If your home is less than ten (10) years old, the foundation should still be covered by the builder’s warranty. Your first call should be to your builder to evaluate the foundation.
You should contact the foundation repair company that did the work to determine the following:
- Are they still in business?
- Does the work completed still have a warranty?
- Are they willing to come look at it?
If the answer is no to any or all of these questions then you should consult with another foundation repair company about your concerns. But be prepared. We will have to evaluate it as if it had never been repaired before because we don’t know the piering type, where piers are installed or if they leveled it or not. It’s a clean slate when we look at it.
No. These are cosmetic and not structural. The official term is spalding. Sometimes at the corners a portion of the concrete may fall off. Often, cracks occur in the concrete lathe or finishing coat around the perimeter of the home. These are surface cracks. Best to call someone that does concrete flatwork or finish out to address these concerns.
It’s merely cosmetic and most of the time it is just an area surrounding the end of a post-tension cable that runs thru the slab. It will look rusted sometimes as well. It really doesn’t require repair, but if it’s visually concerning, best to call someone that does concrete flatwork or finish out to address this concern.
No. Our piering method requires significant weight from a structure atop of concrete to install them. Flatwork such as patio slabs or driveways are too light for pier installation to correct. You have one of two options. Breakout and repour them. Typically the least expensive option. There are also several concrete raising companies that can inject a mixture to level-out sidewalks and or driveways if there is deflection between the sections.
First, call a plumbing company and have them perform a test on the incoming water lines from the city and a drain line test. This test is merely a pass or fail outcome. Cost for this varies from company to company but is usually around $400-$700. If a leak is found, additional tests at additional cost are required to locate the leak(s). If no leaks are found you may want to monitor it to see if it occurs during or after heavy rainfall. If it does, the drainage around your home may need to be corrected by a landscaping company.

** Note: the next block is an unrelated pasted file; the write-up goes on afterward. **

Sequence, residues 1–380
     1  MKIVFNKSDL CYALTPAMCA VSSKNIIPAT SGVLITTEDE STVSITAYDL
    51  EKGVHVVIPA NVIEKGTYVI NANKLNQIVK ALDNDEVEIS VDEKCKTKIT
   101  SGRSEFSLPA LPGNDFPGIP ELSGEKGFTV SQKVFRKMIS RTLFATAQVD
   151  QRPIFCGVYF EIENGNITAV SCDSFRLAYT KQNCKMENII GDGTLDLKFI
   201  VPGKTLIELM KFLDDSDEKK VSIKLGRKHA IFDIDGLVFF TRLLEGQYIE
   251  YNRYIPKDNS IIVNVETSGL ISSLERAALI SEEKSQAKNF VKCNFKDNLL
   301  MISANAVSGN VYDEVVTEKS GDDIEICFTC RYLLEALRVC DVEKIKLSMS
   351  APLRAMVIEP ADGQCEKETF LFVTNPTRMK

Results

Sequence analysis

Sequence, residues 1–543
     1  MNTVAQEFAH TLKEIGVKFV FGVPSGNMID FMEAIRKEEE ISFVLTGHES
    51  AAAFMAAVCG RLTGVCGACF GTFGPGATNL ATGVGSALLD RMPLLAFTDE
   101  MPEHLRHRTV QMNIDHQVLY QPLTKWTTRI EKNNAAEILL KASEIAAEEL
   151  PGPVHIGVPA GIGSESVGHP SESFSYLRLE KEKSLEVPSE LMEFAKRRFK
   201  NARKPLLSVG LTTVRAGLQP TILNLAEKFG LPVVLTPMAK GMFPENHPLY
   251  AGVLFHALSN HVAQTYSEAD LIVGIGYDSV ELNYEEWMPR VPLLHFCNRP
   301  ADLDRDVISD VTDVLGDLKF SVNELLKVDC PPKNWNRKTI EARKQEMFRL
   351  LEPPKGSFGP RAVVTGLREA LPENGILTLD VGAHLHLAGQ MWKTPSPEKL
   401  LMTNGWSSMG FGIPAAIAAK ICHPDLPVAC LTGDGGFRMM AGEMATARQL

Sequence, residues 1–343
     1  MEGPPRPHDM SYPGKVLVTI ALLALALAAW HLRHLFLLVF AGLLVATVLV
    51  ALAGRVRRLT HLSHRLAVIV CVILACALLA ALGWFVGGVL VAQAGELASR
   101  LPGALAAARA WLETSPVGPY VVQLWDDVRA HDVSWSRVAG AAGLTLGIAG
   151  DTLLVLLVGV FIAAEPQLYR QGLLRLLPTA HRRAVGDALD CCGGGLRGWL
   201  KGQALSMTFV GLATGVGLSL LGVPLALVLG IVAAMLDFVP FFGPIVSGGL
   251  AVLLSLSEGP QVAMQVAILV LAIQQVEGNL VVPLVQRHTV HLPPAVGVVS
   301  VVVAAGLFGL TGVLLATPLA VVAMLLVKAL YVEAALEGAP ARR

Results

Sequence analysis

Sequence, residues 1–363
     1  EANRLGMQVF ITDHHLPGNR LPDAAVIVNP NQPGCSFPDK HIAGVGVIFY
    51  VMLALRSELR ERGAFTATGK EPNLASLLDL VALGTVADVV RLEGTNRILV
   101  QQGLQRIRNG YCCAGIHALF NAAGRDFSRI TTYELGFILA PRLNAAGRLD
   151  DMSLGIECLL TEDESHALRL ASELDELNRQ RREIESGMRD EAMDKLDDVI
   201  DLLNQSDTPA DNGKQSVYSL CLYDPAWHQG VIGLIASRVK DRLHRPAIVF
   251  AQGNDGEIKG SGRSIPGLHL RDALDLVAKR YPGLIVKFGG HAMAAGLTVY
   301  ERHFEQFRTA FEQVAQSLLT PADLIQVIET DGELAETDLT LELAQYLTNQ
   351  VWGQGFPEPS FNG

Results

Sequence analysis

If it’s a pier and beam foundation with an existing crawl space, we can raise it. However, if it is a slab we cannot. Typically a Structural Engineer is retained by the homeowner to determine the height necessary and technical specifications of supporting piers.
No. Best to find someone who specializes in “stucco underpinning”. A simple Google search and a couple phone calls and you should be able to find someone to help you with this.
No. It would be a conflict of interest to do so. Third party engineers have to evaluate our work for our permits.
Yes. We will need to look at inside cosmetic damage resulting from foundation movement and to take floor elevation readings to determine the level or out-of-level condition of the foundation.
Typically not. A handful of floor elevation readings will need to be taken inside the home. It’s important that we have access to exterior walls of the home as well some interior locations. Typical furniture arrangements and a bit of clutter does not hinder our ability to get what we need.
No. We don’t write or issue formal reports. Our inspections are free. If you want a report to represent your homes’ condition it’s best to hire a Structural Engineer to evaluate the foundation and formally report their findings.